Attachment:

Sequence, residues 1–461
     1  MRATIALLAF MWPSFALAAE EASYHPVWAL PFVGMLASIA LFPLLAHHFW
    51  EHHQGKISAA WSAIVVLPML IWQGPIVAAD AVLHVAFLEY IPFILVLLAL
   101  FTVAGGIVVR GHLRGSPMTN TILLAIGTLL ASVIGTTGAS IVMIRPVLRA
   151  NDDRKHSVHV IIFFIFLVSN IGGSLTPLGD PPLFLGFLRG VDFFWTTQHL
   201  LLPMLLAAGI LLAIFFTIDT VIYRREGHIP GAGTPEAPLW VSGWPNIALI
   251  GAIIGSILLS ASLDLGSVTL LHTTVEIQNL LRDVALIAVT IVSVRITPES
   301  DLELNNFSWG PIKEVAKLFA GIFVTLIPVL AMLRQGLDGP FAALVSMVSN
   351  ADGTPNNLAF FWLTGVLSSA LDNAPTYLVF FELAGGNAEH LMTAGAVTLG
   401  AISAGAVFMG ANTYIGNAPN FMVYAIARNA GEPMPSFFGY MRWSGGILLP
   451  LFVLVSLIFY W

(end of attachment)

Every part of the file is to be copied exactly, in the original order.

Sequence, residues 1–461
     1  MRATIALLAF MWPSFALAAE EASYHPVWAL PFVGMLASIA LFPLLAHHFW
    51  EHHQGKISAA WSAIVVLPML IWQGPIVAAD AVLHVAFLEY IPFILVLLAL
   101  FTVAGGIVVR GHLRGSPMTN TILLAIGTLL ASVIGTTGAS IVMIRPVLRA
   151  NDDRKHSVHV IIFFIFLVSN IGGSLTPLGD PPLFLGFLRG VDFFWTTQHL
   201  LLPMLLAAGI LLAIFFTIDT VIYRREGHIP GAGTPEAPLW VSGWPNIALI
   251  GAIIGSILLS ASLDLGSVTL LHTTVEIQNL LRDVALIAVT IVSVRITPES
   301  DLELNNFSWG PIKEVAKLFA GIFVTLIPVL AMLRQGLDGP FAALVSMVSN
   351  ADGTPNNLAF FWLTGVLSSA LDNAPTYLVF FELAGGNAEH LMTAGAVTLG
   401  AISAGAVFMG ANTYIGNAPN FMVYAIARNA GEPMPSFFGY MRWSGGILLP
   451  LFVLVSLIFY W